Charles Blackman in 1978 had also made an oil painting on board titled Pink Nightmare; the size was 155x124cm. Charles had also included a Lithographic version as part of his 70th Birthday series where there where 5 Lithographs in total, in real life the oil painting is stunning as is this lithograph.
The key painting in the quintet, The Nightmare (after Fuseli) (1978, Art Gallery of New South Wales) is a quite close transcription of Fuseli’s original composition, but with the breast-crushing incubus-gnome transformed into a chest of drawers. The present work, a later, vertical version, is still further stripped down, ‘a monumental The key painting in the quintet, The Nightmare (after Fuseli) (1978, Art Gallery of New South Wales) is a quite close transcription of Fuseli’s original composition, but with the breast-crushing incubus-gnome transformed into a chest of drawers. and voluptuous image with a cohesive sculptural power. The gnome has disappeared entirely, and the ghastly-ghostly erotic encounter is reduced to that between hollow-eyed, looming horse head and shut-eyed, floating woman. Blackman describes the moment both in paint and in a poem –
The unseeing horse may reference not only the bulging, milky eyeballs of Fuseli’s painting, but also the blinded horses of Peter Shaffer’s dark and disturbing play ‘Equus’, released as a film by Sidney Lumet in 1977. Yet here ‘the violence has been commuted into the rich indulgence of flushed pinks, radiant red and intense blue.
Nightmare paintings were included (along with series on Marcel Proust and Edgar Allen Poe) in Blackman’s 50th birthday exhibition in 1978, a show Sandra McGrath declared contained ‘the strongest, most provocative and psychologically arresting performance of his career.,
1. Felicity St John Moore, Schoolgirls and Angels: a retrospective exhibition of paintings and drawings by Charles Blackman, National Gallery of Victoria, Melbourne, 1993, ,
2. See Nadine Amadio, Charles Blackman: The Lost Domains, A.H. & A.W. Reed, Sydney and Wellington, 1980, ,
4. Poem by Charles Blackman cited in Moore, op. cit.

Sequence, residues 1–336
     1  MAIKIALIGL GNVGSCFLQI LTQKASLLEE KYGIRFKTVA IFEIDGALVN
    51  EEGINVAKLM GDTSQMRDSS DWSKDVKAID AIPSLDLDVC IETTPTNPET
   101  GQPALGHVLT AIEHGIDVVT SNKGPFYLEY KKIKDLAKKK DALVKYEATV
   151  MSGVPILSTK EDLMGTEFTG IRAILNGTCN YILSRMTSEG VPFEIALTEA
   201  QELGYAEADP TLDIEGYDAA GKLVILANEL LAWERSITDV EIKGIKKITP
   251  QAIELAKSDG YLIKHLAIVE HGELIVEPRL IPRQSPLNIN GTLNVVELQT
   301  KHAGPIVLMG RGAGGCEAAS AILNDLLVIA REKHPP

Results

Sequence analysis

6. Sandra McGrath, cited ibid,
Charles Blackman: Schoolgirls & Angels, National Gallery of Victoria, Melbourne, 18 May – 22 August 1993; Art Gallery of New South Wales, Sydney, 15 September – 14 November 1993; Brisbane City Hall Art Gallery, Brisbane, 7 December 1993 – 27 January 1994; Art Gallery of Western Australia, Perth, 16 February – 4 April 1994, cat. 107
LITERATURE AND REFERENCES
Felicity St John Moore, Schoolgirls and Angels: a retrospective exhibition of paintings and drawings by Charles Blackman, National Gallery of Victoria, Melbourne, 1993,
Nadine Amadio, Charles Blackman: The Lost Domains, A.H. & A.W. Reed, Sydney and Wellington, 1980,
Through 1977 and 1978 Charles Blackman developed several versions of Henry Fuseli’s Romantic masterpiece of 1781, The Nightmare. The series began with twin erotic epiphanies: a girl swimming with a horse and a sultry movie star. The girl was endurance rider Sue May, the horse her white stallion Buckshot, and the vision an accidental encounter at Blackman’s St Alban’s bush studio. The actress was Kate Fitzpatrick, who first met Blackman at this time. Fitzpatrick was then starring in the somewhat dubious Australian horror film Night Nurse, and whether by association with the gothic flavour of the film or simply by virtue of her flowing hair and languid grace, Blackman saw in her the image of Fuseli’s distressed dreamer.
Blackman had been strongly drawn towards Fuseli’s strange, dark picture since at least 1970; Felicity Moore notes a reference to it in a letter to Laurence Hope from that year. The actual sequence had its tentative beginnings in a small coloured ink drawing dated January 1977. Later in the year, enriched by a couple of successful literary projects – a suite of ‘Mother Goose’ nursery rhymes in dry point, and drawings and watercolours of the ‘Sleeping Beauty’ fairy tale – and shadowed by the formal end of his 27-year marriage, Blackman was in the right frame of mind to tackle The Nightmare head-on. He would eventually produce five major works on the theme.
Copyright © Charles Blackman